Essay – Swan Lake
Marius Petipa and Lez Ivanov’s Swan Lake was performed in 1895, towards the end of the Romantic ballet era. Historical context of the time had a large impact on the ballets being produced. The experiences and ideas of the choreographers also influenced and developed the world of ballet. Petipa and Ivanov’s Swan Lake transformed ballet. The white acts herald a romantic ballet, whereas in overall form and design it was one of the first classical ballets. It is clear however that the Romantic preoccupation with fantasy and supernatural is a definitive theme. The movement, characterisations and storyline contribute in the portrayal of this. Petipa and Ivanov’s collaboration along with Tchaikovsky’s music gave Swan Lake its legend of greatness that it holds today.
Predominantly in Europe during the 1830’s and 1840’s there was a vogue for exotic, escapist fantasy which dominated the artistic world. It was partially a revolt against aristocratic, social and political constraints and a reaction against the scientific rationalization of nature. This was known as the time of Romanticism. The movement emphasized strong emotion, especially emotions experienced in confronting untamed nature and its picturesque qualities. It elevated folk art and custom as noble because of its simplicity and bond to nature. Medievalism was also worshipped for its primitive, raw qualities. Romanticism was an attempt to escape the confines of population growth, urban sprawl and industrialism. It attempted to embrace the exotic, unfamiliar and distant in more authentic ways, harnessing the power of the imagination to envision and to escape.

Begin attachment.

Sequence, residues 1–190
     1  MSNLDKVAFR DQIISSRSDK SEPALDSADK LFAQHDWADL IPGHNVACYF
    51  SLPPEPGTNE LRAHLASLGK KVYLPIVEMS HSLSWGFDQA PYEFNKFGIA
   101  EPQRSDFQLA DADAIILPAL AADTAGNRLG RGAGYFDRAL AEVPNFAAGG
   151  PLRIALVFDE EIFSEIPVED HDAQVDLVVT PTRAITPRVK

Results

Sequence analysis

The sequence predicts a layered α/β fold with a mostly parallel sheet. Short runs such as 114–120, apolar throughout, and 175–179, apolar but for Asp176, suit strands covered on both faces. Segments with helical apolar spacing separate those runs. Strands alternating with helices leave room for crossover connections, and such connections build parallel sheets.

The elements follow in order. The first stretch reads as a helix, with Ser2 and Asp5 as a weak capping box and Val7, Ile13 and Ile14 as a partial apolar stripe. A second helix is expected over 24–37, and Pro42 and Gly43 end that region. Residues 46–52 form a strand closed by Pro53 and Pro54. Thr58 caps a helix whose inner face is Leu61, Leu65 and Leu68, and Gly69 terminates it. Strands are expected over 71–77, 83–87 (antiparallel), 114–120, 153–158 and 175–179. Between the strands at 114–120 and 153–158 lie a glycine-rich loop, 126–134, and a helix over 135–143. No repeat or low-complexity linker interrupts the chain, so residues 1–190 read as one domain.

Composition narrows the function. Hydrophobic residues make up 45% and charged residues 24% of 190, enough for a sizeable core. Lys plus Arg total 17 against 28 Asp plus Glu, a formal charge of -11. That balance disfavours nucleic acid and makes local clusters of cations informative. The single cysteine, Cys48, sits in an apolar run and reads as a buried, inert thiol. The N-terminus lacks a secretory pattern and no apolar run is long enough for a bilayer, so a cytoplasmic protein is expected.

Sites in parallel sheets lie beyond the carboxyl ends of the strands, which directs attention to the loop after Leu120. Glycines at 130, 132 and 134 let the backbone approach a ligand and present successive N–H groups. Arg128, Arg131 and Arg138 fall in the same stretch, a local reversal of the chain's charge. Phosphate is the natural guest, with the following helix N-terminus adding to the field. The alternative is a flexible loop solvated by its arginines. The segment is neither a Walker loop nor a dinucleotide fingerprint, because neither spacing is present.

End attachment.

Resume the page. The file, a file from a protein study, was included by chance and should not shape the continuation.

The movement choreographed for Romantic Ballets centres mainly on female ballerinas. Women could dance with great fluidity and lightness making them look ghostly and supernatural, a feature which